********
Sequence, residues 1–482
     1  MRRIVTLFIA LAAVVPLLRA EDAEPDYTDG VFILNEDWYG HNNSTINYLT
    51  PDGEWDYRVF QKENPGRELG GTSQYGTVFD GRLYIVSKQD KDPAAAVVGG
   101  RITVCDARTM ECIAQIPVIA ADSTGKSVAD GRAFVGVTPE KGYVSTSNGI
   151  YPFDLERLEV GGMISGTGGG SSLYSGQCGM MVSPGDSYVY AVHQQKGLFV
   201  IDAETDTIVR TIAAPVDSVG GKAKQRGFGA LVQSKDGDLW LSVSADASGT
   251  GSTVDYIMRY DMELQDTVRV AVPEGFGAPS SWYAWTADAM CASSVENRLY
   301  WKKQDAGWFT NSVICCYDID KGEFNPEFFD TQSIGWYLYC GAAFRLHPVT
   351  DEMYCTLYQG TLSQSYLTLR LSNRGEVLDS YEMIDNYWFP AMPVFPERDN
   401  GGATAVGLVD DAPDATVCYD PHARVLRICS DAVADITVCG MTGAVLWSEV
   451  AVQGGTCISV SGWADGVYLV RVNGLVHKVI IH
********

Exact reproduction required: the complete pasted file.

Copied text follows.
Sequence, residues 1–482
     1  MRRIVTLFIA LAAVVPLLRA EDAEPDYTDG VFILNEDWYG HNNSTINYLT
    51  PDGEWDYRVF QKENPGRELG GTSQYGTVFD GRLYIVSKQD KDPAAAVVGG
   101  RITVCDARTM ECIAQIPVIA ADSTGKSVAD GRAFVGVTPE KGYVSTSNGI
   151  YPFDLERLEV GGMISGTGGG SSLYSGQCGM MVSPGDSYVY AVHQQKGLFV
   201  IDAETDTIVR TIAAPVDSVG GKAKQRGFGA LVQSKDGDLW LSVSADASGT
   251  GSTVDYIMRY DMELQDTVRV AVPEGFGAPS SWYAWTADAM CASSVENRLY
   301  WKKQDAGWFT NSVICCYDID KGEFNPEFFD TQSIGWYLYC GAAFRLHPVT
   351  DEMYCTLYQG TLSQSYLTLR LSNRGEVLDS YEMIDNYWFP AMPVFPERDN
   401  GGATAVGLVD DAPDATVCYD PHARVLRICS DAVADITVCG MTGAVLWSEV
   451  AVQGGTCISV SGWADGVYLV RVNGLVHKVI IH